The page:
Earlier today the Egyptian military leader General Abdul Fattah al-Sisi announced that his country’s first democratically-elected leader, President Mohammed Morsi, was being ousted and the new constitution suspended until (ironically) a new election could be arranged. Unrest and violence had escalated in the last week, until the Army finally stepped in to finish off the floundering Muslim Brotherhood leadership. But Morsi himself was the benefactor of the so-called “Arab Spring” movement of 2011, in which the autocrat Hosni Mubarak was overthrown. And the beat goes on…
The Egyptian de facto military coup is in sharp contrast to the American electoral system, in which we enjoy the security and complacence of a peaceful transition of power every four or eight years. But since we are celebrating our nation’s birthday today, we do well (and I never miss an opportunity to remind us) to recall the transcendent leadership of the greatest of our Founding Fathers, which saved the new republic from becoming a military dictatorship. And so, I reproduce the following passages from a post of mine from several years ago:
As the Treaty of Paris was nearing completion to end the Revolutionary War, General George Washington’s officers were in a state of discontent at the prospect of not getting paid, for the country was broke. Anonymous letters were circulating at the camp at Newburgh, NY urging the army, in the event of a successful treaty, to remain formed in order to pressure Congress into paying them. This action would essentially create a military government rather than a representative democracy.
Washington appeared before his officers at a meeting on March 15, 1783 and delivered a short prepared speech, dubbed the Newburgh Address. In it he essentially made his case for patience with Congress and implored the officers to give it, and him, their trust.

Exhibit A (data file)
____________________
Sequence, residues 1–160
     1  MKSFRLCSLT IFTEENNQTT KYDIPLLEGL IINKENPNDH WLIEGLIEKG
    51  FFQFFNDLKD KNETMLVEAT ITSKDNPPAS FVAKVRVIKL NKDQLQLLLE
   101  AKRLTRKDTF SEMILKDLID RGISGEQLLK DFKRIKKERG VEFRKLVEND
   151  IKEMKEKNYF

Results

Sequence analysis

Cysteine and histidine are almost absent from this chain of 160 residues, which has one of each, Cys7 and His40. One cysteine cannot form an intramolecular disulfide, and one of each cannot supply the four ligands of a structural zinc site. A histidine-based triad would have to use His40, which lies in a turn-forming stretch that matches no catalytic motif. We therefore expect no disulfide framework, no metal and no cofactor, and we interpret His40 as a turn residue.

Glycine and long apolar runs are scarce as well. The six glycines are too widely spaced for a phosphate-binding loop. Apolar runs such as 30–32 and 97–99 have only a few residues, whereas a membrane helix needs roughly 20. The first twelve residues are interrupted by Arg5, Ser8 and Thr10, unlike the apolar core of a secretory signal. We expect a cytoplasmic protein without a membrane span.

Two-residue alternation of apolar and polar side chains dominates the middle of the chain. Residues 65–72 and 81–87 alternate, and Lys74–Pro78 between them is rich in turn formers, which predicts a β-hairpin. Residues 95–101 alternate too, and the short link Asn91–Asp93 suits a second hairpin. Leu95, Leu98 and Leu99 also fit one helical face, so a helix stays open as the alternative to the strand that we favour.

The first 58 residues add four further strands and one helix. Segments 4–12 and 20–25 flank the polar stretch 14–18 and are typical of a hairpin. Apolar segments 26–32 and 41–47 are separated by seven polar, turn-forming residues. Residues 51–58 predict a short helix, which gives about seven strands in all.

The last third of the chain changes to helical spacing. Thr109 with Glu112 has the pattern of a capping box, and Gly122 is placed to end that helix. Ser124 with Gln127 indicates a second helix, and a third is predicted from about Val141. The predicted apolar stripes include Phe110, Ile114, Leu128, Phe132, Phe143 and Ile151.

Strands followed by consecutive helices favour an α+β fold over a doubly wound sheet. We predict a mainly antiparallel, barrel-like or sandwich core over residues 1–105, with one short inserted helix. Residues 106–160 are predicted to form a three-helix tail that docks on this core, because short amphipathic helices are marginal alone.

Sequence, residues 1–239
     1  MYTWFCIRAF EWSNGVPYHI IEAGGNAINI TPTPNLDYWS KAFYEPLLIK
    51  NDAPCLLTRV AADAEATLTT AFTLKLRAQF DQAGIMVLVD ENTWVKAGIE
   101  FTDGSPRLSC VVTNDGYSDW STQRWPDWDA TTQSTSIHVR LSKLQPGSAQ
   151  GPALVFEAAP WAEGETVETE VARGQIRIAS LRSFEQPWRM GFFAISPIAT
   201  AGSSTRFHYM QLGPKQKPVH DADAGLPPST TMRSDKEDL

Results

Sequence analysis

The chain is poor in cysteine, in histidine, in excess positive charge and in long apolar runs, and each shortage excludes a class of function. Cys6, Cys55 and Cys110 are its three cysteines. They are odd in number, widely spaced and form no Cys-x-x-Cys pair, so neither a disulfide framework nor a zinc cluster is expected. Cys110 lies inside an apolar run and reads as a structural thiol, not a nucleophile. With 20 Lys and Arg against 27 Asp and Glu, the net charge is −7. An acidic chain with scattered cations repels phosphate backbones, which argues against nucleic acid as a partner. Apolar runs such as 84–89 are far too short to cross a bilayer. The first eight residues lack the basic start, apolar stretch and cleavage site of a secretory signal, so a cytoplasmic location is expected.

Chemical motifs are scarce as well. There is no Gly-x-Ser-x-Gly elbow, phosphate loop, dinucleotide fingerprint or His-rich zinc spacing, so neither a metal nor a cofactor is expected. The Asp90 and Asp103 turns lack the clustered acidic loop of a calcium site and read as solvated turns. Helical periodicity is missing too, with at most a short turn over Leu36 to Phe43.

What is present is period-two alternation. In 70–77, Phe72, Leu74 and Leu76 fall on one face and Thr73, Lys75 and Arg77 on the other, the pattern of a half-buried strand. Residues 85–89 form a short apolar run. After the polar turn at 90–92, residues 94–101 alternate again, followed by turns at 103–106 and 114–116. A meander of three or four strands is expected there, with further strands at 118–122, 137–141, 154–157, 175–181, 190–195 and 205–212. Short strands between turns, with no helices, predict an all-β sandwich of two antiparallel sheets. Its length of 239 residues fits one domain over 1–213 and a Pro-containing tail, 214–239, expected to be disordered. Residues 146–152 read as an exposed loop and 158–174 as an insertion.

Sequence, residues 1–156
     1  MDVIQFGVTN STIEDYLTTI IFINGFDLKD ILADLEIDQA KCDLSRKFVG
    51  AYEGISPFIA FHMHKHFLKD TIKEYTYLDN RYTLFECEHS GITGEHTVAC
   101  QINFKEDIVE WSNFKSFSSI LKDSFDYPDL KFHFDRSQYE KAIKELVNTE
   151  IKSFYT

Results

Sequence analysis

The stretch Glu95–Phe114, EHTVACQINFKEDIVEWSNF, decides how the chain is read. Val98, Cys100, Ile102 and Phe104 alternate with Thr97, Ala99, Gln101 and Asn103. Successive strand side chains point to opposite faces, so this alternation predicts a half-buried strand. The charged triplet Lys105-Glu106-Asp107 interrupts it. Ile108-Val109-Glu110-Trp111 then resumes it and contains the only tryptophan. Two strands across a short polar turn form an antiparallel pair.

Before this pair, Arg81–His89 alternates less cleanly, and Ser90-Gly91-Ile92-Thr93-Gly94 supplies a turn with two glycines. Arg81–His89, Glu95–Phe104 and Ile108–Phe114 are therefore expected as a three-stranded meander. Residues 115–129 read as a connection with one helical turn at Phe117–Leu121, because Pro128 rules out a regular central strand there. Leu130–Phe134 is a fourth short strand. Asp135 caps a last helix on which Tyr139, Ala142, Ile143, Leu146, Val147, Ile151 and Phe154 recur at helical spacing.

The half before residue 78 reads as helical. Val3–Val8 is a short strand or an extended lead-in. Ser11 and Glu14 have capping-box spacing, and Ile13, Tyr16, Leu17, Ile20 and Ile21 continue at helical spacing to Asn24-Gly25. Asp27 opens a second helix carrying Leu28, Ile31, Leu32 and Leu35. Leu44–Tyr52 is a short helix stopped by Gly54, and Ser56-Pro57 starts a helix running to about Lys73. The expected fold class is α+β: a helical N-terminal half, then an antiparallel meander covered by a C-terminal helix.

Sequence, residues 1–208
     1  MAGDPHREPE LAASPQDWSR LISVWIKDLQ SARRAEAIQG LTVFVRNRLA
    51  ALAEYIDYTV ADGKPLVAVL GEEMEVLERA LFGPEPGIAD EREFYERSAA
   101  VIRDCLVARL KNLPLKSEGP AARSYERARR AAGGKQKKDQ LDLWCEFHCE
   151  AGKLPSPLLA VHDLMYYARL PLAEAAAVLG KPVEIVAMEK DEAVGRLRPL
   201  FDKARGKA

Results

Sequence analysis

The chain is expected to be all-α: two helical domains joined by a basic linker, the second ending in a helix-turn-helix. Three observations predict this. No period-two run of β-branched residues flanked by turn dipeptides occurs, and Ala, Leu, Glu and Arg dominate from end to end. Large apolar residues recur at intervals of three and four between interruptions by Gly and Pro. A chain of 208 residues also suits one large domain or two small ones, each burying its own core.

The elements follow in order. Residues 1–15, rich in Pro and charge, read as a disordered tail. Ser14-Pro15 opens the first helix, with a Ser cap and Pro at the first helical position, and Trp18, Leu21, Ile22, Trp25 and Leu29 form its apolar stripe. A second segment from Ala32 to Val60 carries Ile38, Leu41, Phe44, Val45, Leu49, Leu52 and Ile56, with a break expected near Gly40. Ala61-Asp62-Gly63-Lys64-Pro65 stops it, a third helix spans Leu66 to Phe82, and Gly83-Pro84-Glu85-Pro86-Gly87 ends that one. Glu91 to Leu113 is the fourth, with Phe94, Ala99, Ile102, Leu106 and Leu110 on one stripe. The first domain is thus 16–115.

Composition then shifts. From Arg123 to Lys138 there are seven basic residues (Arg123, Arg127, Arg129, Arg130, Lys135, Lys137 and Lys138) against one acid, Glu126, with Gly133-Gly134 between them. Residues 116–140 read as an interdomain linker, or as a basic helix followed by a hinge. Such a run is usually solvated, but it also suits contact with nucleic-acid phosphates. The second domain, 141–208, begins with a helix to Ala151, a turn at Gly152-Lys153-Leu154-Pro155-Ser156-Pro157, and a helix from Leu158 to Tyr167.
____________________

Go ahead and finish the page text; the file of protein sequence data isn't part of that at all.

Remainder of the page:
“But as I was among the first who embarked in the cause of our common country. As I have never left your side one moment, but when called from you, on public duty. As I have been the constant companion and witness of your distresses, and not among the last to feel, and acknowledge your merits. As I have ever considered my own military reputation as inseperably connected with that of the army…it can scarcely be supposed, at this late stage of the war, that I am indifferent to its interests.”
As he had done many times before, he put his own reputation on the line to avoid disaster for the fledgling nation. After he concluded the speech, however, he sensed that the officers were still angry. Then, from his coat he produced a note detailing Congress’ monetary dilemma. He squinted and struggled to read the note, and was thus forced to dig out his spectacles.
“Gentlemen, you must pardon me. I have grown gray in your service and now find myself growing blind.”
This simple action and poignant statement reminded the officers of what Washington had done for the country through all of those war years, and that he indeed had been with them at every moment: the night time retreat from General Howe’s British troops in New York; crossing the Delaware on Christmas Day 1776 to engage the Hessians at Trenton in a surprise counterattack, then success later at Princeton; enduring the miserable winter at Valley Forge in 1777; the training of the troops by Baron Von Steuben; and Washington’s inspirational rallying of the retreating American troops at Monmouth.
Having been reminded of their leader’s incredible courage and leadership, many wept in shame. When Washington had left the meeting, the officers quickly resolved to follow his example and reaffirmed their loyalty to the American republic.
It would not be the first or last time that George Washington’s personal integrity saved the United States of America from short sighted folly. We Americans owe this great man our unyielding gratitude and respect– and, if possible, our emulation of his feats of faith and his strength of character. If only the world could realize a leader like him today.